Genomic instability of osteosarcoma cell lines in culture: impact on the prediction of metastasis relevant genes.

Muff R, Rath P, Ram Kumar RM, Husmann K, Born W, Baudis M, Fuchs B.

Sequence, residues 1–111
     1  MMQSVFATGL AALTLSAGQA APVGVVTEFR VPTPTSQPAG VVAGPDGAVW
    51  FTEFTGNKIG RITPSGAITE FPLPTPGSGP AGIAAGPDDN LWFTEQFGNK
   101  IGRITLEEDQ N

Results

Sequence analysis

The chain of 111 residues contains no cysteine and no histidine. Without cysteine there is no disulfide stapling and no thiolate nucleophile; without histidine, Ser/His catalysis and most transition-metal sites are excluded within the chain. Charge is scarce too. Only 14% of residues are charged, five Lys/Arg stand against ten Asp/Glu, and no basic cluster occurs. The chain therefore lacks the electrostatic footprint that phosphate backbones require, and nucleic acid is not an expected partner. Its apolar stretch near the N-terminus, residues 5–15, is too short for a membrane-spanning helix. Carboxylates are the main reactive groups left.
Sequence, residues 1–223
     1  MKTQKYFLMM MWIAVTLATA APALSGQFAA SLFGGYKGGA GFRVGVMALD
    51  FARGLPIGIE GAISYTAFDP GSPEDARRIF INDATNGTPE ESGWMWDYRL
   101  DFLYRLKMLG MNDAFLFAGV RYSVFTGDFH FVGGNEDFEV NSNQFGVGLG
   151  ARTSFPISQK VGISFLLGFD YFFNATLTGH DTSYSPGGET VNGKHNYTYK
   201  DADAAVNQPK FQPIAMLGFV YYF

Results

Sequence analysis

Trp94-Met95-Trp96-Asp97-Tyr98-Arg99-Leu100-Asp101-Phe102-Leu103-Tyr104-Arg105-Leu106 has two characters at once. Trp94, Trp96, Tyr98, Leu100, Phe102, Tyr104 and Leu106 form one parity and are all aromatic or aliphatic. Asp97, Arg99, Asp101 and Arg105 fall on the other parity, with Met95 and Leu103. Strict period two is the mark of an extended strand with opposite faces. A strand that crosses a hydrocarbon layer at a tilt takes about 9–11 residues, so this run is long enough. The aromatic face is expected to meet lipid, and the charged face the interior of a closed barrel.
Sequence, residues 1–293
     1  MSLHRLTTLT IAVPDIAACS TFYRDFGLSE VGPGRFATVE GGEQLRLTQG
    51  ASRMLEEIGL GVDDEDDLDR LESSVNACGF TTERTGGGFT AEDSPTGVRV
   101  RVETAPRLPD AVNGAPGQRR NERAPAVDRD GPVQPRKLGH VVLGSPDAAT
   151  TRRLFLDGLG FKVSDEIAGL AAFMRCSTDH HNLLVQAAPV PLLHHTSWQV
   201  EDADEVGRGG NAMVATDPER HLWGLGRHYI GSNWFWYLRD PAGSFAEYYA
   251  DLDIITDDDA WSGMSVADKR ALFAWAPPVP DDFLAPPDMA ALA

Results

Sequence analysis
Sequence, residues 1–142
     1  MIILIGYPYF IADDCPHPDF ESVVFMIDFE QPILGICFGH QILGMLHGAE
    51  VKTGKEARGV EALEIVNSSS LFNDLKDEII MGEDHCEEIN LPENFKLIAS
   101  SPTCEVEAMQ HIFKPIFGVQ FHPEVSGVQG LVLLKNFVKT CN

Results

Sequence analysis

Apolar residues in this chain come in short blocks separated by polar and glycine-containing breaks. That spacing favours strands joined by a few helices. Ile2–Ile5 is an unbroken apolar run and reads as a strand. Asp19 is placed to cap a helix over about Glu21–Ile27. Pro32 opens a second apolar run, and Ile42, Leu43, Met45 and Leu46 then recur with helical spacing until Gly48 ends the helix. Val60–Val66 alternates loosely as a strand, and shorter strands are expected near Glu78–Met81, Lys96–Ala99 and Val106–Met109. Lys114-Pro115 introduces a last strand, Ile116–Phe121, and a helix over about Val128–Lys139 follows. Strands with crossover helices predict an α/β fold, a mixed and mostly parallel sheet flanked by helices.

Abstract Osteosarcoma is a rare but highly malignant cancer of the bone. As a consequence, the number of established cell lines used for experimental in vitro and in vivo osteosarcoma research is limited and the value of these cell lines relies on their stability during culture. Here we investigated the stability in gene expression by microarray analysis and array genomic hybridization of three low metastatic cell lines and derivatives thereof with increased metastatic potential using cells of different passages.The osteosarcoma cell lines showed altered gene expression during in vitro culture, and it was more pronounced in two metastatic cell lines compared to the respective parental cells. Chromosomal instability contributed in part to the altered gene expression in SAOS and LM5 cells with low and high metastatic potential. To identify metastasis-relevant genes in a background of passage-dependent altered gene expression, genes involved in “Pathways in cancer” that were consistently regulated under all passage comparisons were evaluated. Genes belonging to “Hedgehog signaling pathway” and “Wnt signaling pathway” were significantly up-regulated, and IHH, WNT10B and TCF7 were found up-regulated in all three metastatic compared to the parental cell lines.Considerable instability during culture in terms of gene expression and chromosomal aberrations was observed in osteosarcoma cell lines. The use of cells from different passages and a search for genes consistently regulated in early and late passages allows the analysis of metastasis-relevant genes despite the observed instability in gene expression in osteosarcoma cell lines during culture.